Capital Budgeting Decisions
Jerry Price owns Milling Manufacturing, a production facility geared toward entrepreneurial product development. Initially, Jerry purchased several milling machines, but after seven years, the machines have become obsolete due to technological advances. Jerry must purchase new machines to continue business growth, and there are several options available. How does he choose the best machines for his business? What factors must he consider before purchase?
Jerry must consider several important factors—both financial and non-financial—as he makes this decision. First, he needs to consider the commitment of his initial capital investment. He also needs to compare differences between options such as warranties, the production capacities of different machines, and maintenance and repair costs. Another factor is the useful life of the new equipment—in other words, both its physical and the technological life. He will also consider how long it will take to recoup the cost of the investment, the impact on cash flow, and how the passage of time affects the value of the asset to the organization—it’s monetary value that considered depreciation to determine what the asset is actually worth to the organization in terms of dollars (i.e., “what could we sell it for?”). Jerry will consider the value of the dollar invested today in purchasing the machine as opposed to the value of the dollar in the future that might be better spent on another project. This last factor is significant because the new equipment will probably provide part of his down payment on future replacement equipment. There are also nonfinancial factors to consider, such as changes to customer satisfaction and employee morale.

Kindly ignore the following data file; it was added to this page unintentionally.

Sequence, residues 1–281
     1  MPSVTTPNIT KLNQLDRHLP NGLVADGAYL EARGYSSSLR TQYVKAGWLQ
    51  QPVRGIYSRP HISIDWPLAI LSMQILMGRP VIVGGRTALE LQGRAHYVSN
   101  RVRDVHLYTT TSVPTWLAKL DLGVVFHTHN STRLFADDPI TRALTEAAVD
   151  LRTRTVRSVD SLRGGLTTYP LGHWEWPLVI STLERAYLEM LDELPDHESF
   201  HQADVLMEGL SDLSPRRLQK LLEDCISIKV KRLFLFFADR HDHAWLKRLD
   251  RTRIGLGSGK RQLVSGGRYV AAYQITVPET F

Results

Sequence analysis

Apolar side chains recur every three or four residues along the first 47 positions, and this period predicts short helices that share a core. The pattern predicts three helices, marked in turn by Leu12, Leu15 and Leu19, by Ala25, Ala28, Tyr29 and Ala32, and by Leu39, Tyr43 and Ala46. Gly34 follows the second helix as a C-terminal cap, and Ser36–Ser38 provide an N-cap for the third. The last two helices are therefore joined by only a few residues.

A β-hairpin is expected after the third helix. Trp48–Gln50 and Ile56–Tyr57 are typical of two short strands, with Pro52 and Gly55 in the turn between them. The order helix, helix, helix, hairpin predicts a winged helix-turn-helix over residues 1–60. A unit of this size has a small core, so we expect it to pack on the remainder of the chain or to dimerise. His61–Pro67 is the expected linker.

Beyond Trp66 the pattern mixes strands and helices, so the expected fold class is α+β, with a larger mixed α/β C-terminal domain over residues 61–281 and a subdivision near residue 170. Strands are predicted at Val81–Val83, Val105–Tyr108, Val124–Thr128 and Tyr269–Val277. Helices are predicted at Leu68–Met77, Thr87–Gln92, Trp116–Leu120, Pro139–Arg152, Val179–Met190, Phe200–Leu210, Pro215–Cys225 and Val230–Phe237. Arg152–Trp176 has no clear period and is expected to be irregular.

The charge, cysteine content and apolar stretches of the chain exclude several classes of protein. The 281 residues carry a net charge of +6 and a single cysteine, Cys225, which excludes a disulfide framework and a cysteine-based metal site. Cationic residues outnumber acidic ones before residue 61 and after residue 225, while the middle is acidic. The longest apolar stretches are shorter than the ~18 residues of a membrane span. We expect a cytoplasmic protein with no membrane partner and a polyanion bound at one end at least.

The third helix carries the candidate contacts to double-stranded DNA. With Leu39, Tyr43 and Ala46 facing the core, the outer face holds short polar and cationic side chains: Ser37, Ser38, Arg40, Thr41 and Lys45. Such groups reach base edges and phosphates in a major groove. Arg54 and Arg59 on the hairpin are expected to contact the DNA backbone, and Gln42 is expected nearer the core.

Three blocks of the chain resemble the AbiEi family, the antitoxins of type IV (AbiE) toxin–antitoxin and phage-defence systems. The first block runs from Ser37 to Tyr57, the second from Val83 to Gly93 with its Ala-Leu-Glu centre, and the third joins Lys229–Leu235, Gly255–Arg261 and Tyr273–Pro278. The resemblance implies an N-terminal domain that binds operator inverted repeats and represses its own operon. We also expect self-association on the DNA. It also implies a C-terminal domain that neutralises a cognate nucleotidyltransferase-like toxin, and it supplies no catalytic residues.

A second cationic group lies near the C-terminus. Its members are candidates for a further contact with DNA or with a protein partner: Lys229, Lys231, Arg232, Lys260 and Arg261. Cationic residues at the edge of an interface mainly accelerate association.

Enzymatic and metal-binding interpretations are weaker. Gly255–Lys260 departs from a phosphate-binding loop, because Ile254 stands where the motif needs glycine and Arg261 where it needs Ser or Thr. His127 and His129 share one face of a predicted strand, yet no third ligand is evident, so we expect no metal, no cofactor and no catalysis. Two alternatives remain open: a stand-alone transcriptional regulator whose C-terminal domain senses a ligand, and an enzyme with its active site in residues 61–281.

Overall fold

Jerry knows this equipment choice goes well beyond color or price preferences. The decision has a long-lasting influence on company direction and opportunity, and he needs to utilize capital budgeting analysis to help him make this decision.